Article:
Then even the way the plot is exposed (mostly in long recitatives at the beginning of each act) is not the most attractive one, but when the music kicks into gear, and Rameau explores the amazing set-pieces for each act it is so joyous and accomplished that you forgive the sins of the opera. Still, it is an immensely enjoyable but very far from perfect piece of music, you feel that Rameau is not that comfortable with having to put dialogue across, and feels much better when he is given some musical freedom, so he gets done with the recitatives and does his thing brilliantly.
At the revival of Les Indes galantes on 10 March 1736, the 30th performance of the work, a Fourth entrée was added, with Mme Pélissier as Zima, Jelyotte as Damon and Dun as don Alvar. The complete work was played for the 185th and last time in 1761.
Nevertheless, parts of it were revived from time to time: the Prologue in 1762 (20 performances) and 1771 (26 performances); the Entrée des Incas in 1771 (11 performances) and the Entrée des Sauvages in 1773 (22 performances). Thereafter, the Académie Royale (Paris Opéra) abandoned this work for 179 years. Nevertheless, the Opéra-Comique did present the Third entrée, the Entrée des Fleurs, with a new orchestration by Paul Dukas, on 30 May 1925, with Yvonne Brothier as Zaïre, Antoinette Reville as Fatima, Miguel Villabella as Tacmas and Emile Rousseau as Ali, and Maurice Frigara conducting.
Finally, there was a reprise at the Opéra itself, the Salle Garnier of the Académie Nationale de Musique et Danse, with the Dukas orchestration supplemented for the other entrées with music by Henri Busser, the 186th performance, on 18 June 1952, with sets by Arbus, Jacques Dupont, Wakhévitch, Carzou, Fost, Moulène and Chapelain-Midy for a production by the Académie's own director, Maurice Lehmann.
The very danceable Danse du Grand Calumet de la Paix followed by Forets Plaisibles:
Friday, 16 May 2008
Title: Organ Concertos
Performers: The Brandenburg Consort, Paul Nicholson (organ), Frances Kelly (harp)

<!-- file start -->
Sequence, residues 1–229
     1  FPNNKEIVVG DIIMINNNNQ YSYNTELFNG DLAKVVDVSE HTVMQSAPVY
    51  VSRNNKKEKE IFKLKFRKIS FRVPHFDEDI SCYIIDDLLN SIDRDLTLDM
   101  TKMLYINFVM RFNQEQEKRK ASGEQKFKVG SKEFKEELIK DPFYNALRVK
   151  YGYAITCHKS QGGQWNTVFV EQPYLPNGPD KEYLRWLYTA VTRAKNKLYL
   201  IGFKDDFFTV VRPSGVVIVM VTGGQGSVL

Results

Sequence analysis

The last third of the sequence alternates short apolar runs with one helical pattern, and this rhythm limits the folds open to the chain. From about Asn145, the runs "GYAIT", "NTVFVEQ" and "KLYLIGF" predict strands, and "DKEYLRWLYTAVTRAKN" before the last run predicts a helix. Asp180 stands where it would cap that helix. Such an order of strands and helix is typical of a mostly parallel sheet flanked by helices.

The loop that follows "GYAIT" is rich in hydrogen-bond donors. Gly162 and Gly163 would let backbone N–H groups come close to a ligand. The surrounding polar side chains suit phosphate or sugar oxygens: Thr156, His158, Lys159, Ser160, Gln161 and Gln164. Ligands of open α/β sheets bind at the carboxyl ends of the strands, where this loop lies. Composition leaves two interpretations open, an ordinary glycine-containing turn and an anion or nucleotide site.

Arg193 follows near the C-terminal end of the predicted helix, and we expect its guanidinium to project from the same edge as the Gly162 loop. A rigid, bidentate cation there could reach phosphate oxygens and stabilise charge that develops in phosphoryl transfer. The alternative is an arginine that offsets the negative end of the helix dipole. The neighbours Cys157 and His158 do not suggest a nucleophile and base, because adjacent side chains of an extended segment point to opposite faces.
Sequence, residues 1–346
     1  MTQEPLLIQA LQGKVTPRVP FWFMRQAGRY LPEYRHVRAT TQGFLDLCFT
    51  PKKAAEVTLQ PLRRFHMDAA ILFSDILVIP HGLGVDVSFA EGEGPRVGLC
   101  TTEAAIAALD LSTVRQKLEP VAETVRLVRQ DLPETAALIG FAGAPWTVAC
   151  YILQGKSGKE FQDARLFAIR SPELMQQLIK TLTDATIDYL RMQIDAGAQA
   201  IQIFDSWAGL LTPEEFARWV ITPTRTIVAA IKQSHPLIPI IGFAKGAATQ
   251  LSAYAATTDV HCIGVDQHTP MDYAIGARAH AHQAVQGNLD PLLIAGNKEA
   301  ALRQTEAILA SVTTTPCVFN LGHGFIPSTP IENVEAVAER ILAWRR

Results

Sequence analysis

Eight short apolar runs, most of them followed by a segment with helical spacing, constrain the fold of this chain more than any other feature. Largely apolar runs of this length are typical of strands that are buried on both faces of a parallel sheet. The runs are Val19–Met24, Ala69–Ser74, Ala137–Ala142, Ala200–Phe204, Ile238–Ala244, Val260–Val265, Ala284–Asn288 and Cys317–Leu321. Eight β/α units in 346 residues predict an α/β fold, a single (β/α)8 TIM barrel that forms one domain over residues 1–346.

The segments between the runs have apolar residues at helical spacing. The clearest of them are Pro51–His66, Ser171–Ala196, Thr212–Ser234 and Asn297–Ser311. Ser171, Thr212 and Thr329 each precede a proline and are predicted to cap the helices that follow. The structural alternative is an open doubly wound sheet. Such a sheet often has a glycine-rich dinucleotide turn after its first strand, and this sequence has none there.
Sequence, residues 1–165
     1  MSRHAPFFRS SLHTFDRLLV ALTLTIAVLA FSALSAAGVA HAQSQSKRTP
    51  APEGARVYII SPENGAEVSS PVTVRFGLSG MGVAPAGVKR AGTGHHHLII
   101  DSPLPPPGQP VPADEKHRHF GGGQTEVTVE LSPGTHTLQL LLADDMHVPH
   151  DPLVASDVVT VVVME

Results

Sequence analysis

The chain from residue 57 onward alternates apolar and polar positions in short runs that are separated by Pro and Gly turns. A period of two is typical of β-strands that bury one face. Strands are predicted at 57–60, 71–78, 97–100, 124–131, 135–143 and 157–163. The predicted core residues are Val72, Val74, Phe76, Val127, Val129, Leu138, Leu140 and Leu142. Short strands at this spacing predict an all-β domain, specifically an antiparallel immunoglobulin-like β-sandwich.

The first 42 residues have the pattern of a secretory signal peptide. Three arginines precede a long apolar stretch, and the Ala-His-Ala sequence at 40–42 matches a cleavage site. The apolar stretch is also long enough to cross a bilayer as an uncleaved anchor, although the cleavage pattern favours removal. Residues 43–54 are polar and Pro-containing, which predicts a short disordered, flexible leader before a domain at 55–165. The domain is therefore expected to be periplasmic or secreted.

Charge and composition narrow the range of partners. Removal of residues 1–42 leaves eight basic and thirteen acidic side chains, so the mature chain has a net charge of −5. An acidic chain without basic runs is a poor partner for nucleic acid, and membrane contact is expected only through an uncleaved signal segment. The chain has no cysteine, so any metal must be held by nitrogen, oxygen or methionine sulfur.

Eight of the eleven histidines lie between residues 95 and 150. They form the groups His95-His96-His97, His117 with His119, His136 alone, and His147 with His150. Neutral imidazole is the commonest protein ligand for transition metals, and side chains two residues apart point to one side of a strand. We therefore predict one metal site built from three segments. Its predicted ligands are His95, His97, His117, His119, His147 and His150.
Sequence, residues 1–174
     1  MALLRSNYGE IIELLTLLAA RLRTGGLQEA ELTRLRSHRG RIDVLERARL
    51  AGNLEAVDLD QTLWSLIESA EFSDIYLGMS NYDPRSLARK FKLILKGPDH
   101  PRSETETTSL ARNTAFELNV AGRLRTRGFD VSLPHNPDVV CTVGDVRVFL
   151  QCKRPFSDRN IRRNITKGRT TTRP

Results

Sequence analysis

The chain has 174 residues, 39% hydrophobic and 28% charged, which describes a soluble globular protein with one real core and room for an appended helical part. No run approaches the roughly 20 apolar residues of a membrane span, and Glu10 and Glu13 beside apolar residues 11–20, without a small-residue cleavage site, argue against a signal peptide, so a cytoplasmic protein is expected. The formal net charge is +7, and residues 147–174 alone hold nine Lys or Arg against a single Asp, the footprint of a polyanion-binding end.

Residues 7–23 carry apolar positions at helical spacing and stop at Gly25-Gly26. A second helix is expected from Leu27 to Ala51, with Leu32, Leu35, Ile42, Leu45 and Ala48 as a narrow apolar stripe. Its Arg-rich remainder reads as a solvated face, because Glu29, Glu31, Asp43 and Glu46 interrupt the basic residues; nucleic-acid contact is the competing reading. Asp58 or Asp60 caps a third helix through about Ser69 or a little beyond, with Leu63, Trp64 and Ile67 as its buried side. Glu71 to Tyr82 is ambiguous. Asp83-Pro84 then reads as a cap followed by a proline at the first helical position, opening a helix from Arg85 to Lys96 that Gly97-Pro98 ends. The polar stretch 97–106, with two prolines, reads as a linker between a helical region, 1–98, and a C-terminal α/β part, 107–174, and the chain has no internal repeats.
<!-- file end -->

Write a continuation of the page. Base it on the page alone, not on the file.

Director: Roy Goodman
Length: 2 hours 34 minutes
These Handel concertos make organ bearable to me, while usually it is one of most reviled instruments when it is being played against a tutti it feels much better, there is none of the usual dullness associated with the organ and these end up being quite good concertos.
If you are like me and aren't the greatest organ fan this is definitely something you should check out, it won't change your ideas about what it sounds like solo but it will make it bearable.
Some of the pieces here are particularly interesting, the first movement of the Harp concerto on the collection is perhaps one of the most famous harp pieces ever, even if it now sounds like hotel lobby music. The concerto that follows it D Minor, Op.7 no.4 has a particularly classical opening adagio, which sounds quite ahead of its time. An impressive collection based around my most reviled instrument of all, so I can't give it a 9 or 10 but a very solid 8.
Like all types of instrumental concertos, an organ concerto is a piece of music for an pipe organ soloist with an orchestra. The form's heyday was in the 18th century, when composers such as George Frideric Handel, Antonio Vivaldi and Johann Sebastian Bach among others wrote organ concertos, with a small orchestra, and solo parts which rarely call for the organ pedal board. Although the organ concerto repertoire was hardly expanded during the Classical and Romantic periods, there are some 20th- and 21st-century examples, of which the concerto by Francis Poulenc has entered the repertoire, and is quite frequently played.